Russia’s intervention in Syria is the country’s first direct military engagement in the Middle East (in Egypt’s war of attrition, Soviet pilots flew Egyptian planes; in the 1973 war, the Soviets sent planes but didn't use them). The intervention has primarily consisted of air strikes in areas where the Assad regime had recently been losing ground: north Latakia, the Ghab plain north of Hama, the Rastan pocket north of Homs, and Aleppo. Meanwhile, according to multiple media reports, Iranian, Assad regime, and Hezbollah fighters have started a ground campaign to retake areas in the north lost earlier this year to the so-called Army of Conquest—a patchwork of moderate, Islamist, and al Qaeda–affiliated rebels.
Collectively, the strikes and ground campaign represent a concerted effort to secure three key sites. The first is the Ghab plain, Syria’s most fertile area and the boundary between minority populations on the coast and Syria’s majority Sunni population inland. The second is the M-5 roadway, the transportation spine linking Damascus to Homs, Hama, and the north. The third is the besieged city of Aleppo.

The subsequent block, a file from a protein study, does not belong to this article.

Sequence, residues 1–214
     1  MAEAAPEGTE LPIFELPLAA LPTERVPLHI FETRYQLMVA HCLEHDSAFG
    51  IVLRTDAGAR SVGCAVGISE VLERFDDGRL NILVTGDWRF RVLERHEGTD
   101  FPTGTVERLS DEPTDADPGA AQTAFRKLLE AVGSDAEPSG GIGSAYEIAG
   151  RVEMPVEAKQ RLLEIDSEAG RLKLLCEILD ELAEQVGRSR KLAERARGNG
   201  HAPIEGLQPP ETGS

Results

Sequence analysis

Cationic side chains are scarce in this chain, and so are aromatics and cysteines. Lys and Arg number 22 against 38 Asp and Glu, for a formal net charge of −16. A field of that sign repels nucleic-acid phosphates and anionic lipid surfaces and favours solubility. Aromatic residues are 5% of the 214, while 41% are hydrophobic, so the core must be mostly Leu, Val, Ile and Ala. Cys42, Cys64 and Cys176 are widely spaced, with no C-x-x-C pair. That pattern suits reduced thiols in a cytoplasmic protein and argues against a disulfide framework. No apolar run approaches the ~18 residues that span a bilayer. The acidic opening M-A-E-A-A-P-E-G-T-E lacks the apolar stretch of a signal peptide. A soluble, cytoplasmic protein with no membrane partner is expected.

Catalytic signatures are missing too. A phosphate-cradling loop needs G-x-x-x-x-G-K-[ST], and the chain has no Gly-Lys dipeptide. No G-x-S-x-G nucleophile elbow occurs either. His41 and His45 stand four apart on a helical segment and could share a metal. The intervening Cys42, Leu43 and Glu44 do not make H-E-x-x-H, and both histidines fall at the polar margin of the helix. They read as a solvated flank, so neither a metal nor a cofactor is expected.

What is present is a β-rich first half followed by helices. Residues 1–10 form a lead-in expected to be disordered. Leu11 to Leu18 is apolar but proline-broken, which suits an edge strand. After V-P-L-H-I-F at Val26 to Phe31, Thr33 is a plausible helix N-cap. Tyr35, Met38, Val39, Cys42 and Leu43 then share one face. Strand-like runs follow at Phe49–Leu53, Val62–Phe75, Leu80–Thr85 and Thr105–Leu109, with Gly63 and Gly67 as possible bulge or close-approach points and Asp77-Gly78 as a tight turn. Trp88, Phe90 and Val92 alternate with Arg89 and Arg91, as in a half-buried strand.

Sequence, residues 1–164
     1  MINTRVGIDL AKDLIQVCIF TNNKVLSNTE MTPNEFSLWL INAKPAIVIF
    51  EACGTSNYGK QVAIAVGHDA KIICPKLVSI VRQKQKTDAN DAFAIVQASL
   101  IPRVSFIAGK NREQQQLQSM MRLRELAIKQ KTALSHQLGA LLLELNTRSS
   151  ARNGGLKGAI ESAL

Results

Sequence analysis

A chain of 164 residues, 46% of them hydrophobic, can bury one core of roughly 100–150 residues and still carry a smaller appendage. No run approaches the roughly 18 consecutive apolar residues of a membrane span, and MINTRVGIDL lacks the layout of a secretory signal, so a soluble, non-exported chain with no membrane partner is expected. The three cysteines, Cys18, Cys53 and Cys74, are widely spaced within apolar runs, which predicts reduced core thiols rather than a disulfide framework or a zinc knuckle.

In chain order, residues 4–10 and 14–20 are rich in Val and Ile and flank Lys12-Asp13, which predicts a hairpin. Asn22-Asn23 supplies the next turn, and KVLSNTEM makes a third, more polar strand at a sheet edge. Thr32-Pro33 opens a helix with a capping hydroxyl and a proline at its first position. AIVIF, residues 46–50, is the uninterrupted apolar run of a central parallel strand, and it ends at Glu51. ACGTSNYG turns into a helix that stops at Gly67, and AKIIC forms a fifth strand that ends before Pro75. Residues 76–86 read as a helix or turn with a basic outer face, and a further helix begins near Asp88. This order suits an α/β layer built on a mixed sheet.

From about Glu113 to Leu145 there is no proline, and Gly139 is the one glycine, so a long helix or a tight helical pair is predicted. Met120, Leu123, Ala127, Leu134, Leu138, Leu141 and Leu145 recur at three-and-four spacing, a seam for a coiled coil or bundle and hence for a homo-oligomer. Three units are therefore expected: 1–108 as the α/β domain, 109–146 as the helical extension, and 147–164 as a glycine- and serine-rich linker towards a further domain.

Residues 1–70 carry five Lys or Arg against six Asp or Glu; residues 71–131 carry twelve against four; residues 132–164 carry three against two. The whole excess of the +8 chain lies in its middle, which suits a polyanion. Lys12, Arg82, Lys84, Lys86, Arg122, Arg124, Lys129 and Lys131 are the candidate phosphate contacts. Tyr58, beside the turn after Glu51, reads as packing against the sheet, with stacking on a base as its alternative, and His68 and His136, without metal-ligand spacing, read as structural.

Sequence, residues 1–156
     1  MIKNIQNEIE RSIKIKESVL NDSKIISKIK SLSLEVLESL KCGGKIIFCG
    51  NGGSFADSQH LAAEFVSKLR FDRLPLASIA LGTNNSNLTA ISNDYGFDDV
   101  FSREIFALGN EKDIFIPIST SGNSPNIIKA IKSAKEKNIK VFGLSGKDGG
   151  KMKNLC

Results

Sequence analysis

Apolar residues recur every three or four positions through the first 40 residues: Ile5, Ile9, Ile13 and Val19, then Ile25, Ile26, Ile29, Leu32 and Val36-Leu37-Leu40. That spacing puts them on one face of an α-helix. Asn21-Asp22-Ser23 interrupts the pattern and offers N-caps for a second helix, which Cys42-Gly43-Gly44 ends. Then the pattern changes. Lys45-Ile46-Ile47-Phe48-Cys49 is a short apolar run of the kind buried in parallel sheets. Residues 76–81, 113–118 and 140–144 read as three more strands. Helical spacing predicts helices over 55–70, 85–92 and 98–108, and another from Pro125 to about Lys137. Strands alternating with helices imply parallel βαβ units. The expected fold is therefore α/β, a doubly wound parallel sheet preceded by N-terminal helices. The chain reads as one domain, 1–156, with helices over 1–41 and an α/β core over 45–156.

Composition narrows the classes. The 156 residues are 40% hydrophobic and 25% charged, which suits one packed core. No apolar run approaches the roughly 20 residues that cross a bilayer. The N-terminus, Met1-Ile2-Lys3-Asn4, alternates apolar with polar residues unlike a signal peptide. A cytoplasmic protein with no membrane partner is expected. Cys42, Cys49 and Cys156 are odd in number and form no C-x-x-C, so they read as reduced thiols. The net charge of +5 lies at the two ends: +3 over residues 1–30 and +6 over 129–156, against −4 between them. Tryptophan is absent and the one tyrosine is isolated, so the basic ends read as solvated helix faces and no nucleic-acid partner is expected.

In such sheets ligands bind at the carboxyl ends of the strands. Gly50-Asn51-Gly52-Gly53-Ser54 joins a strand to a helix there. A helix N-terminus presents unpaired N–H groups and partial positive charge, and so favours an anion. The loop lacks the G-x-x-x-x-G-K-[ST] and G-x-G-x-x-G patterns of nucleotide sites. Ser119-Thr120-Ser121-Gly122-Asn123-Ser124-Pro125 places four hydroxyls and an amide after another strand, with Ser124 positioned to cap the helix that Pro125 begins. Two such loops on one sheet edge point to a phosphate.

Russian air strikes and the associated Iranian-backed offensive have already collided head-on with Turkish and Arab Gulf spheres of influence in northern Syria. Russia has indicated to Turkey via multiple incursions into Turkish airspace that it regards northern Syria as being in play. Turkey, as Russia has made clear, must rein in its support for rebel groups at the Bab al-Salam border crossing in the north and the Bab al-Hawa crossing to the west. Although Russian strikes have hit a number of groups, the most significant have been against moderate groups backed by the United States, the Saudi-backed Salafist group Ahrar al-Sham, and al Qaeda’s Jabhat al-Nusra. Rebels in the area have tried to stop or slow the regime’s ground offensive using U.S.-made TOW antitank missiles, a weapon rumored to be paid for by Riyadh but that requires Washington’s approval of end users.